Sep 2, 2010: Stuck like oyster adhesive

Posted by Adam James on December 05, 2014 4 Comments
Oysters are hardcore about sticking together. When clusters come in off the beach we try to break them apart into singles, but it's generally impossible to do so without damaging the oysters. Now scientists at Purdue University have figured out exactly why that is: the oysters are cemented together. Oyster shell typically contains 1 to 2 % protein, and oyster adhesive (or what they use to attach themselves to each other) contains 5 times that amount. But as explained in this NY Times article :
oysters seem to use far less protein in their adhesive than other marine animals do. Mussels and barnacles produce a softer glue with more protein, while oysters produce a harder cementlike material.


For centuries people have used oyster shell to make concrete, so it's fitting that shells contain a cementlike substance. (Concrete = cement plus an aggregate like sand or gravel). Oyster shell concrete, called tabby, is made of oyster shell, lime (which you can extract from burned oyster shell) and sand. Depending on whom you ask, tabby was either developed in Morroco, then spread to Spain during the Moor conquest, and then introduced to the Americas with the conquistadors... or it was used in the New World before Europeans arrived (although none of these structures have ever been found)... or it was developed by the British. Either way, the U.S. Atlantic coast is the world's epicenter of oyster shell tabby construction. Early colonists used oyster shell mined from Native American middens to build forts, chimneys, and even vats to dye indigo. Someday, hopefully sooner rather than later, we're going to construct something out of tabby. Maybe a fence. Maybe a wall. Maybe a tower. Maybe an outdoor chimney. Maybe just a giant tchotchke. Stay tuned. Read how to make tabby. Read more about tabby's history on the east coast.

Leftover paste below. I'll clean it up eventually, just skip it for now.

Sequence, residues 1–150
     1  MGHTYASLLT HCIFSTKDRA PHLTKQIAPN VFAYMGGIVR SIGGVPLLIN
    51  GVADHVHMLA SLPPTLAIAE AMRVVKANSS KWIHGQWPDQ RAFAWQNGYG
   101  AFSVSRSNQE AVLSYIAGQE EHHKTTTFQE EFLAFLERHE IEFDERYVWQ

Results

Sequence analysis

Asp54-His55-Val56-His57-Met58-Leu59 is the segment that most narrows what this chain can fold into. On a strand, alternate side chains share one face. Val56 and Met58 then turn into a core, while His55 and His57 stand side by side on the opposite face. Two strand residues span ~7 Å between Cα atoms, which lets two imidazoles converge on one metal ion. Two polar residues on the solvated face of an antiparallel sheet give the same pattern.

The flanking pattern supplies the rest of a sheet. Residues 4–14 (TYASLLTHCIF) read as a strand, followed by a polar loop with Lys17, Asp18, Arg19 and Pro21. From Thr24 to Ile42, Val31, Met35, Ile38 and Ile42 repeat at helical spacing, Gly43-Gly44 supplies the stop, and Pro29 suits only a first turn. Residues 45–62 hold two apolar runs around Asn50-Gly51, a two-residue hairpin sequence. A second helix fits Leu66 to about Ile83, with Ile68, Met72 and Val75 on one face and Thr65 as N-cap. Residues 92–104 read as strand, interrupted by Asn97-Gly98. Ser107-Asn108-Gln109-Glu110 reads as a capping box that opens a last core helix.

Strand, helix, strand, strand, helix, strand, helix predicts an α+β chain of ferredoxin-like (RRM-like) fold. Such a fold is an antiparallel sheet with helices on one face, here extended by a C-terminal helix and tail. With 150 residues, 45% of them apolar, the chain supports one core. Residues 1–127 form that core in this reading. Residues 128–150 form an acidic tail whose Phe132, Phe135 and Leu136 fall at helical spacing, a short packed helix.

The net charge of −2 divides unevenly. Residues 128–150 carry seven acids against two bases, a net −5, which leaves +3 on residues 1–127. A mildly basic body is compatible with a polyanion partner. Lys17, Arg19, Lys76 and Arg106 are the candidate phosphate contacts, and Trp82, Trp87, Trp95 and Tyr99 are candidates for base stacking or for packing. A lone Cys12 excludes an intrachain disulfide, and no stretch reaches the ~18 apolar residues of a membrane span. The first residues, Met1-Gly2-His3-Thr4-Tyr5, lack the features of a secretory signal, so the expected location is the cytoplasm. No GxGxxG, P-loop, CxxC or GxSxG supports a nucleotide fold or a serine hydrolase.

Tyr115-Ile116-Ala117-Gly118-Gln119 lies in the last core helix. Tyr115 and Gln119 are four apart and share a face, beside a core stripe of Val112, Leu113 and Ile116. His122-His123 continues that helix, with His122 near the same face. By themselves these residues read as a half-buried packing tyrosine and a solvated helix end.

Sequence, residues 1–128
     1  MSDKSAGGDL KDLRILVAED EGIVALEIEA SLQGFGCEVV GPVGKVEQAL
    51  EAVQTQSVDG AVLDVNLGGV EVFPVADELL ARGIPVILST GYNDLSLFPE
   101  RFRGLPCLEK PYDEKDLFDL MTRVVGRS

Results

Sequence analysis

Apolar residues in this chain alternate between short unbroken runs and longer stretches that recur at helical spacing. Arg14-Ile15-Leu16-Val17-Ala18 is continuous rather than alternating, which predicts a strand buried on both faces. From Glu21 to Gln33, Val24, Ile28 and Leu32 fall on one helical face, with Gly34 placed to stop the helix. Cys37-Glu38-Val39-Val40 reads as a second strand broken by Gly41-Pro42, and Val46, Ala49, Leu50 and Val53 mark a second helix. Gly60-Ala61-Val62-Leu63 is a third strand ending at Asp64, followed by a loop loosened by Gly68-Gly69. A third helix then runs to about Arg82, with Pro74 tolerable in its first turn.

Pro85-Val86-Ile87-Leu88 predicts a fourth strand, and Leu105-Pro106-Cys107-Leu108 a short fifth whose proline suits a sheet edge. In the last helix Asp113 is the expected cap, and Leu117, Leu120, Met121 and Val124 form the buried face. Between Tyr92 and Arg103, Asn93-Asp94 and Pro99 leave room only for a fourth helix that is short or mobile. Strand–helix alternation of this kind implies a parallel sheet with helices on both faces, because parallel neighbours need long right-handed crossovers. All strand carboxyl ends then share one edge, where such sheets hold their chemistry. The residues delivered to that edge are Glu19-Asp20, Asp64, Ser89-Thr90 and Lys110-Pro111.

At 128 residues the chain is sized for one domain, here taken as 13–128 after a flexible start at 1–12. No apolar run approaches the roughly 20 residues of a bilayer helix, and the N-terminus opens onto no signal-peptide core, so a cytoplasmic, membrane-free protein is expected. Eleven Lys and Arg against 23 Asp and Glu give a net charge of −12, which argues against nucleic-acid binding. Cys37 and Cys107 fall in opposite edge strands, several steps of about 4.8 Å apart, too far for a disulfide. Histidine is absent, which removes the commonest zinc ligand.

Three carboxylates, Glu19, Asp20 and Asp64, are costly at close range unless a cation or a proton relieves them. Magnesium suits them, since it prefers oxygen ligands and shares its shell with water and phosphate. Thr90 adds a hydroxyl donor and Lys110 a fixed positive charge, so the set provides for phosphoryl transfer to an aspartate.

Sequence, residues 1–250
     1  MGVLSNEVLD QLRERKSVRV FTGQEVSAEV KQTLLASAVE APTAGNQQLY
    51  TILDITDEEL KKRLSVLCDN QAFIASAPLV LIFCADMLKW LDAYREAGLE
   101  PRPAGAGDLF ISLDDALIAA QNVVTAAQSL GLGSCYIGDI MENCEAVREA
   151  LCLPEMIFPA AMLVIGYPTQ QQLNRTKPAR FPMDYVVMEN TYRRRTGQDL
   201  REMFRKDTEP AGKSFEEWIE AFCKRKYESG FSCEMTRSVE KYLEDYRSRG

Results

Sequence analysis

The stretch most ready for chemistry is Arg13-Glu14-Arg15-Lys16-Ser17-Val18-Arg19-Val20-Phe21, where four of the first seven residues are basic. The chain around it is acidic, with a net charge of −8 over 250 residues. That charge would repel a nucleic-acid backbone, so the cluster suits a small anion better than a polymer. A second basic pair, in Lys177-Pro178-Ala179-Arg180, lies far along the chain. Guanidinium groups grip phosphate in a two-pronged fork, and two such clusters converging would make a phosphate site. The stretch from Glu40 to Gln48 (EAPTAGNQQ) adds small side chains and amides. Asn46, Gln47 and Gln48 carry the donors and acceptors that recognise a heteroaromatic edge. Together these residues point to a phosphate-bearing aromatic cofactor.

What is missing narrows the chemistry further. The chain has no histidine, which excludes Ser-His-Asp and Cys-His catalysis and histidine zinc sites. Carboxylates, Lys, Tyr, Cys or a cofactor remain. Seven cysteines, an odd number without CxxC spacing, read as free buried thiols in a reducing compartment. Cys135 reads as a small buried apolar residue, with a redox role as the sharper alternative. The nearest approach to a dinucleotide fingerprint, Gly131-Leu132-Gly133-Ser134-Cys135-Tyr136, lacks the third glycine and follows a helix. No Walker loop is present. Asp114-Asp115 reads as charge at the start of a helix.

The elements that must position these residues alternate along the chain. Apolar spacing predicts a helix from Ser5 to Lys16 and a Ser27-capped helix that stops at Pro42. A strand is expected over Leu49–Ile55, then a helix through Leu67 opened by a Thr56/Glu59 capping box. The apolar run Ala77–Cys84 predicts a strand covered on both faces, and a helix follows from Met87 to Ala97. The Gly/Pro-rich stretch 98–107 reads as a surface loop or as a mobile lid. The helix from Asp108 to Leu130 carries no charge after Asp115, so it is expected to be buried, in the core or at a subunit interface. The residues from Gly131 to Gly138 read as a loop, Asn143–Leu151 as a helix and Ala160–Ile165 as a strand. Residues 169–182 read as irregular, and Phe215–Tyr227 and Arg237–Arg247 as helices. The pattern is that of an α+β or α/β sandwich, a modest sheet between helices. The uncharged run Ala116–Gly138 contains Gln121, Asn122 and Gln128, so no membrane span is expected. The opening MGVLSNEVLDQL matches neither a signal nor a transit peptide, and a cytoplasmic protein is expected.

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Comments (4 Comments)

Posted by Oyster Concrete Remix on December 05, 2014

[…] like tabby, only beautiful and easy to clean. The crafty folks at Hog Island Oyster Company scooped up some […]

Posted by … in which we travel 3,000 miles to stand on top of a pile of oyster shells on December 05, 2014

[…] middens up and down the Atlantic coast were mined for construction material and land fill, as well as chicken feed. Originally the Whaleback Midden was 30 feet deep, more […]

Posted by Oyster Fan on December 05, 2014

Well, we’ll have to run it past our official landscaper first. See what she says.

Posted by Oyster Fan Fan on December 05, 2014

I like it…now that the talking part’s done, as Ric would say, we should put it on the calendar. Make a plan.

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